A new report from the National Academies of Sciences, Engineering and Medicine reinforces the importance of NRPA’s role and its Three Pillars: Conservation, Health and Wellness, and Social Equity. The report, titled Communities in Action: Pathways to Health Equity, aligns with NRPA’s goals and outlines strategies to advance health equity across the country, including increasing access to parks, open spaces and recreation.
We were privileged to be part of the National Academies Committee on Community-Based Solutions to Promote Health Equity, which authored the report. Our Committee explored the root causes of health inequity and health disparities, and the impact that such inequities and disparities have, not just on the individuals and families affected, but also on our nation as a whole. Sadly, in the United States, many communities lack sufficient access to parks and open space, quality education, safe and affordable housing, jobs, adequate transit and healthy food options. These are necessary conditions and opportunities for people to fully thrive.
Our report recommends strategies for communities to consider, and the key action needed to strengthen evidence-based solutions to reduce health disparities and promote health equity. It emphasizes the need to make health equity a shared vision and value, to build trust and capacity in the community, to develop youth leadership, and to foster multisector collaboration to improve social determinants and promote healthier, more equitable communities where people live, learn, play, work and age.
In brief, the committee reports the following:
1. Health equity is crucial for the well-being and vibrancy of communities.
2. Health is a product of multiple social determinants.
3. Health inequities are in large part a result of poverty and disparities in income and wealth, structural racism and discrimination.
4. Communities have the capacity to promote health equity.
5. Supportive public and private policies and programs facilitate community action.
6. Collaboration among diverse partners is essential to promote health equity.
7. Tools and other resources, including civil rights strategies, exist to translate knowledge into action.
The report emphasizes that access to parks, recreation areas and monuments is a social determinant of health. It features community alliances working with the National Park Service, U.S. Army Corps of Engineers with the city of Los Angeles, U.S. Department of Housing and Urban Development, U.S. Environmental Protection Agency, U.S. Forest Service, the L.A. Unified School District, and park and resource funding measures by the state of California and L.A. County.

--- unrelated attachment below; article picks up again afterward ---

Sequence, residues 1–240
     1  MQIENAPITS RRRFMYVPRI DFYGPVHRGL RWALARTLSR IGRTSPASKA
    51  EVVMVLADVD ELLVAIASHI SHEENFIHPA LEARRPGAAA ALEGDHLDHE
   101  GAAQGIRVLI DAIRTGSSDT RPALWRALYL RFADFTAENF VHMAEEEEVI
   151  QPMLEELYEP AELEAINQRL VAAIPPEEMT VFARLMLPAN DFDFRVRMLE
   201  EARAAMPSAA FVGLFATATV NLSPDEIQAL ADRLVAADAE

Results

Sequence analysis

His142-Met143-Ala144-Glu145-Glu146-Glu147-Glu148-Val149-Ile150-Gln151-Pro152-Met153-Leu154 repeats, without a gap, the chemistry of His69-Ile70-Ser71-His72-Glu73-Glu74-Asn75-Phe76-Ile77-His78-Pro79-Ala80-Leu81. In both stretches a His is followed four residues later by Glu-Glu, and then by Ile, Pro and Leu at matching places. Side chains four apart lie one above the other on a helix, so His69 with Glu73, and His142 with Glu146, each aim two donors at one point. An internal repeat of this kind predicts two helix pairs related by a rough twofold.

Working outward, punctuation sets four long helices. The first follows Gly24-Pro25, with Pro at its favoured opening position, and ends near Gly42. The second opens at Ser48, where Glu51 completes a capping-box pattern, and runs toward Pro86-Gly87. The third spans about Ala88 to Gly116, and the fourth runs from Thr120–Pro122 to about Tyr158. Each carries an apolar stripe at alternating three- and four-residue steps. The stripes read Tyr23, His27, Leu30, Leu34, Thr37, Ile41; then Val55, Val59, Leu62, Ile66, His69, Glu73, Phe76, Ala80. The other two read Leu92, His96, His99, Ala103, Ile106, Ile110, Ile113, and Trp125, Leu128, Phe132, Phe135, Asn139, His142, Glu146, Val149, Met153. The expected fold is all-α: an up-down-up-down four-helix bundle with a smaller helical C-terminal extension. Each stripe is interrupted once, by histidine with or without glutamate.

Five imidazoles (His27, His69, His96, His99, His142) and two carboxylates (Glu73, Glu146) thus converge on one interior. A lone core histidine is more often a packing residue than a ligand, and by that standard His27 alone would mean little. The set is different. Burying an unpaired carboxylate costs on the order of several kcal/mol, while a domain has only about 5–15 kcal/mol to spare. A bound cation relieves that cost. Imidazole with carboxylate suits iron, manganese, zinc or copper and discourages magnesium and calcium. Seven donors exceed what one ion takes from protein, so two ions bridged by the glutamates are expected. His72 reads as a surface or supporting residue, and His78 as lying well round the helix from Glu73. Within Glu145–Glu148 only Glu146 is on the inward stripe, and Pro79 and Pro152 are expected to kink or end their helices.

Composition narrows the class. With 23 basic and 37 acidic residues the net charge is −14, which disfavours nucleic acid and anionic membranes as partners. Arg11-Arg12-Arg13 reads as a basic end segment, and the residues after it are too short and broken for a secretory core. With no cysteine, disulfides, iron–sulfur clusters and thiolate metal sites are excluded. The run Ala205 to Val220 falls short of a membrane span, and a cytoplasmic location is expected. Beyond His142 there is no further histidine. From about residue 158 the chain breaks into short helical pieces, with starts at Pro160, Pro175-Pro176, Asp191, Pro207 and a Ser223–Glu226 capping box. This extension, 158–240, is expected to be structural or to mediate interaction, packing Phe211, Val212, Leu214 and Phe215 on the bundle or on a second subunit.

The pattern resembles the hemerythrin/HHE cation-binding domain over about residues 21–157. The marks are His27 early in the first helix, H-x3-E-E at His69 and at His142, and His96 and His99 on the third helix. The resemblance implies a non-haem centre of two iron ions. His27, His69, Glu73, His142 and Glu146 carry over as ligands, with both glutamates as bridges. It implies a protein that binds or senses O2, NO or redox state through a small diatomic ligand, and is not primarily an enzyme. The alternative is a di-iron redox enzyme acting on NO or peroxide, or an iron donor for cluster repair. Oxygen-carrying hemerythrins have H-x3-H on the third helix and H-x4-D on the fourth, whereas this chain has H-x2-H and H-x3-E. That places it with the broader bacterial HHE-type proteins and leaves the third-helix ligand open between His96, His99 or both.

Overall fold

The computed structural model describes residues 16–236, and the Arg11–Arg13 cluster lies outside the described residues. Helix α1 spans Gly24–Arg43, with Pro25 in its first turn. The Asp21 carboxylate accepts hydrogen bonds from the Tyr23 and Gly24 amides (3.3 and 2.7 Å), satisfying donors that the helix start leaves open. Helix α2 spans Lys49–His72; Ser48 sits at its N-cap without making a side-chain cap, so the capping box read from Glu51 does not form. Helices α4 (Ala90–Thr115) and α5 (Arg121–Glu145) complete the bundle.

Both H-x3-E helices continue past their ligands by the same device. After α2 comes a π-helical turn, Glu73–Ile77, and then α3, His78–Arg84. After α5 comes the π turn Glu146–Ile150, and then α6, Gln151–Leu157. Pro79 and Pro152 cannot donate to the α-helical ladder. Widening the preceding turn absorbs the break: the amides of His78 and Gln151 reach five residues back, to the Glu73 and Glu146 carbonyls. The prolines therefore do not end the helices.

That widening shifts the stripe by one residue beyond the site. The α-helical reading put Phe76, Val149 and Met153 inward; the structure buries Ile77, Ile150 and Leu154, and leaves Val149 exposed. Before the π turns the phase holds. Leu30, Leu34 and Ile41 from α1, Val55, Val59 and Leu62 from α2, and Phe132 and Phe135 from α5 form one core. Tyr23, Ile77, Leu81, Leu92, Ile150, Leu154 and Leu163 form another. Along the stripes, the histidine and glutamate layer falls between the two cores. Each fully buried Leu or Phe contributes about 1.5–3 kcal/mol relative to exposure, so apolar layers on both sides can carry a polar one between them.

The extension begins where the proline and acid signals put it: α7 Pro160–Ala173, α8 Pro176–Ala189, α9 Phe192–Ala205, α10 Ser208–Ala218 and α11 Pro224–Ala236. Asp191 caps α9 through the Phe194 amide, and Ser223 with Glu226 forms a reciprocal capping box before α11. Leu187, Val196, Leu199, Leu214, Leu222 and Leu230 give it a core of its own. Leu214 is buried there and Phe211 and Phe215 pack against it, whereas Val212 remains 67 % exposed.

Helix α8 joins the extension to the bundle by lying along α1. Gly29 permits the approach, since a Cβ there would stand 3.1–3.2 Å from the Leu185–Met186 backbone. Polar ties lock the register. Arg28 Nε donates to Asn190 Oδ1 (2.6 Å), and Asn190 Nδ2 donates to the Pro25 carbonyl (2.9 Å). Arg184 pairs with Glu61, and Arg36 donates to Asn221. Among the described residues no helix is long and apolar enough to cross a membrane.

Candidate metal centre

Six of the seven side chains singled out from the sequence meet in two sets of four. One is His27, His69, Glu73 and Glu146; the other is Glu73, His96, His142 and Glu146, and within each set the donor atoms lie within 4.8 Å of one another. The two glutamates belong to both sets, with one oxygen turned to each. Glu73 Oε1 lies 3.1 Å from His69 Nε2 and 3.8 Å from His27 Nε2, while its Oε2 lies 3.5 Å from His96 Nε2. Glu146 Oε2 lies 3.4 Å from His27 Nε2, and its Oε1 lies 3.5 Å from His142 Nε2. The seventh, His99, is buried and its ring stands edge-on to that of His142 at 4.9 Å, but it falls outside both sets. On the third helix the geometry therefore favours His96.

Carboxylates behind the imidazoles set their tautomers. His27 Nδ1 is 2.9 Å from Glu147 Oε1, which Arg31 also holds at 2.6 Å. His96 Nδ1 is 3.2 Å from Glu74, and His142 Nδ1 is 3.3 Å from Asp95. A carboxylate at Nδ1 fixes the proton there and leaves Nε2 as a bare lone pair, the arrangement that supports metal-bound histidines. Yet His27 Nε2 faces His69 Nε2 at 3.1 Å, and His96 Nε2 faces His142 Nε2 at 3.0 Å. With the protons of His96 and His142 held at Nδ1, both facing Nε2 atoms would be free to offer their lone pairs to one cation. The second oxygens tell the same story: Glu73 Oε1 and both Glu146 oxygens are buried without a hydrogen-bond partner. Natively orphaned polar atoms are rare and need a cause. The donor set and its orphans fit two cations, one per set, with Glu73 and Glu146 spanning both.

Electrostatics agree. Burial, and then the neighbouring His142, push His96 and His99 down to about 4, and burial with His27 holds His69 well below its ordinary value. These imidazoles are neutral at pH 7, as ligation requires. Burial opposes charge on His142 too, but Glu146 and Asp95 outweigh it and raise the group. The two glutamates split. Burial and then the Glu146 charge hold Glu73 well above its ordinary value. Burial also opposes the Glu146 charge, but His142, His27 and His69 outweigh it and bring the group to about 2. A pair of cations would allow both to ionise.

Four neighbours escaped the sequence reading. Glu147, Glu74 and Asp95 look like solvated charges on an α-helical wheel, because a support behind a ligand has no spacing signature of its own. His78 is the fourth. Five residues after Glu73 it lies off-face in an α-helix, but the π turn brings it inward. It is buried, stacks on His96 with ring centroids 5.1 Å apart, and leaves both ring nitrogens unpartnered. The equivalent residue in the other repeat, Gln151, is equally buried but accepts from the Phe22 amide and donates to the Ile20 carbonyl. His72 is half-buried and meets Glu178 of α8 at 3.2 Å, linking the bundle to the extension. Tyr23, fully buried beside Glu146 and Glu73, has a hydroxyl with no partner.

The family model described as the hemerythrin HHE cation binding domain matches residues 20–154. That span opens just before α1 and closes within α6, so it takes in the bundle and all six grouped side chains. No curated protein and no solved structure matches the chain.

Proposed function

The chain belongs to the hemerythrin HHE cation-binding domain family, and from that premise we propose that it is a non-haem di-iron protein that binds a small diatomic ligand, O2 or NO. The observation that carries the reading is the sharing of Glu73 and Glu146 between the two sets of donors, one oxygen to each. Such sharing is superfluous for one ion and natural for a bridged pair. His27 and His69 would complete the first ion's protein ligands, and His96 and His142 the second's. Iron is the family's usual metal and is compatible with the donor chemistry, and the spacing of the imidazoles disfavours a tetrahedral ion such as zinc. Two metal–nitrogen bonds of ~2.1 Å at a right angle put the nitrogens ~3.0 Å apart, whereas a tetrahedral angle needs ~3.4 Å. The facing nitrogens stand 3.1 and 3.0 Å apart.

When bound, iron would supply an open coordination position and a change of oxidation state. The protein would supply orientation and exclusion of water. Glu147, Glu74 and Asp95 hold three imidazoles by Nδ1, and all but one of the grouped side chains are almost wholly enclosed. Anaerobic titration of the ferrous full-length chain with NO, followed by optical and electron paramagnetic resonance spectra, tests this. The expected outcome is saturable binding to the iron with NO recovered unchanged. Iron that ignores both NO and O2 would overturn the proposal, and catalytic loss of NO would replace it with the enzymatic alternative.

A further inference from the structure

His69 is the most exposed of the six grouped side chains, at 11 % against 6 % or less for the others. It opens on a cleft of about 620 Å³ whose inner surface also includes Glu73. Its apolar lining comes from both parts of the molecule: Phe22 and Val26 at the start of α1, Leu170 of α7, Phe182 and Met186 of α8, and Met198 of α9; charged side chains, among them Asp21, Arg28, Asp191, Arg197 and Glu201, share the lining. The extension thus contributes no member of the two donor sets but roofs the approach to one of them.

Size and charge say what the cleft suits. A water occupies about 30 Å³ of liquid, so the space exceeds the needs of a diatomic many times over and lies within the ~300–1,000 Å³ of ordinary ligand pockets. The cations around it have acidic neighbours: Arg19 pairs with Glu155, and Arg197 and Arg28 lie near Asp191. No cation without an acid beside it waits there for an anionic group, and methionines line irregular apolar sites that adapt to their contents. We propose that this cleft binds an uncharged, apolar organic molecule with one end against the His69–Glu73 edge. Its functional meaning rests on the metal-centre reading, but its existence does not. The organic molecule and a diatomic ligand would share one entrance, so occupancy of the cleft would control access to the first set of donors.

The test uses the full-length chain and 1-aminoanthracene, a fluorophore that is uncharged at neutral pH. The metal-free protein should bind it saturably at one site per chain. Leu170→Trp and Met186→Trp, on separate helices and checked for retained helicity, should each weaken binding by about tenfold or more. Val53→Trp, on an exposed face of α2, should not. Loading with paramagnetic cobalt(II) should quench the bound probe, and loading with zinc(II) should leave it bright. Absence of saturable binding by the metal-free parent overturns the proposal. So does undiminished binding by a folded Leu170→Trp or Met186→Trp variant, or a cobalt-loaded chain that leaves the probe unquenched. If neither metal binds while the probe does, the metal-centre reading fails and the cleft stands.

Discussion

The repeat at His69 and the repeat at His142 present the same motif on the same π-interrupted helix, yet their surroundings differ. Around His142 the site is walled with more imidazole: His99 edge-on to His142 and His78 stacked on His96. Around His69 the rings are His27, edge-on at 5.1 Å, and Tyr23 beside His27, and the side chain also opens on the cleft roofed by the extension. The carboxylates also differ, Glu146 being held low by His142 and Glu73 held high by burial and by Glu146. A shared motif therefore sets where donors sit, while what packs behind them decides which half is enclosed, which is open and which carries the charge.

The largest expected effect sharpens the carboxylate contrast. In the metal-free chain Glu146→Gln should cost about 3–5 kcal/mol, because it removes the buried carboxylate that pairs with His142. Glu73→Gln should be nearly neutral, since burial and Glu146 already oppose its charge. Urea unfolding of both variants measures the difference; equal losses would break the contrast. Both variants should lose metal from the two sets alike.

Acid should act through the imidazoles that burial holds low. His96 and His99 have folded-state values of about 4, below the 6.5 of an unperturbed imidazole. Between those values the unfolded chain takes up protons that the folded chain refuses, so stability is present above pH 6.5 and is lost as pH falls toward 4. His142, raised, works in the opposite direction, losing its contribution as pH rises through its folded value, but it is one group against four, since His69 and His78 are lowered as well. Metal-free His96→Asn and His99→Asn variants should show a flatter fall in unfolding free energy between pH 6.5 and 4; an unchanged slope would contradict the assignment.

It is the committee’s hope that the report will inform, educate and, ultimately, inspire others to join in efforts across the nation so that people in all communities can enjoy life, liberty and the pursuit of happiness, undeterred by poor health. To that end, the report highlights nine organizations as examples of community solutions to promote health equity: WE ACT for Environmental Justice; Blueprint for Action; Delta Health Center; Eastside Promise Neighborhood; Indianapolis Congregation Action Network; Magnolia Community Initiative; Mandela Marketplace; People United for Sustainable Housing; and the Dudley Street Neighborhood Initiative.
The National Academies published their first-ever comic book to reach out to make the struggle for health equity captivating and accessible to all — especially to younger generations. Comic pages — filled with bright colors, interesting images and striking text — can provoke interest, inspire readers to learn more and direct a wider audience to the full report that it otherwise might never have uncovered.
Using civil rights strategies to promote health equity can guard against unjustified and unnecessary discriminatory impacts and implicit bias in programs that affect health. The report also recognizes that to address health disparities affecting Native Americans, it is essential to understand the unique historical and legal context of Native American communities in the United States.
Among the report’s recommendations is one that seeks to make issues of health equity and, particularly, access to parks, recreation, open spaces and healthy environments, a key element of all government agencies’ planning around land use, housing, transportation and other areas that affect populations at high risk of health inequity.
The report also recommends that foundations and others support community interventions to promote health equity by:
- Supporting community organizing around important social determinants of health
- Supporting community capacity building
- Supporting education, compliance and enforcement related to civil rights laws.
- Prioritizing health equity and equity in the social determinants of health through investments in low-income and minority communities
Click here to see all of the recommendations and key findings, or to download a copy of the complete report or comic.
The report addresses community-based solutions to promote health equity focused on health and wellness, as well as on state and local laws and policies. This is vital in light of current discussions in Washington about cutting back federal safety net protections; eliminating federal funding for data based on race, color or national origin in fair housing determinations; and repealing the Affordable Care Act. We the people, the states and the courts must promote health equity in the face of disarray in the administration and Congress.
James N. Weinstein, M.D., is CEO and President of Dartmouth-Hitchcock Health System, and Chair of the National Academies Committee. Robert García is Founding Director and Counsel of The City Project/Proyecto del Pueblo and a Community Faculty Member at the Charles Drew University of Medicine and Science.